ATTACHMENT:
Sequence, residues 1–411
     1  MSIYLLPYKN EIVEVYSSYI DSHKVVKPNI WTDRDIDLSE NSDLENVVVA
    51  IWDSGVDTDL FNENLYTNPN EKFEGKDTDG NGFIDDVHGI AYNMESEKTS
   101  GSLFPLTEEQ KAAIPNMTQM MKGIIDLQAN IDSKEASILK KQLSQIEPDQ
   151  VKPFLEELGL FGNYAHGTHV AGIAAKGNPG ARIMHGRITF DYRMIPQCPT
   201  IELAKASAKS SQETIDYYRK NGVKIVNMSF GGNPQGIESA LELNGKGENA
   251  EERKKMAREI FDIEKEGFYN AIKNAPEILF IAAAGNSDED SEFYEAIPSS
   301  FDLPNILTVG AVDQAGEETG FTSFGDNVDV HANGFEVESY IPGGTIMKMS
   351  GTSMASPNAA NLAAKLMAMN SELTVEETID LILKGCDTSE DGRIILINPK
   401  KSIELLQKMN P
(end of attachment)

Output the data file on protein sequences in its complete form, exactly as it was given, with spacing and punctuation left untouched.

Sequence, residues 1–411
     1  MSIYLLPYKN EIVEVYSSYI DSHKVVKPNI WTDRDIDLSE NSDLENVVVA
    51  IWDSGVDTDL FNENLYTNPN EKFEGKDTDG NGFIDDVHGI AYNMESEKTS
   101  GSLFPLTEEQ KAAIPNMTQM MKGIIDLQAN IDSKEASILK KQLSQIEPDQ
   151  VKPFLEELGL FGNYAHGTHV AGIAAKGNPG ARIMHGRITF DYRMIPQCPT
   201  IELAKASAKS SQETIDYYRK NGVKIVNMSF GGNPQGIESA LELNGKGENA
   251  EERKKMAREI FDIEKEGFYN AIKNAPEILF IAAAGNSDED SEFYEAIPSS
   301  FDLPNILTVG AVDQAGEETG FTSFGDNVDV HANGFEVESY IPGGTIMKMS
   351  GTSMASPNAA NLAAKLMAMN SELTVEETID LILKGCDTSE DGRIILINPK
   401  KSIELLQKMN P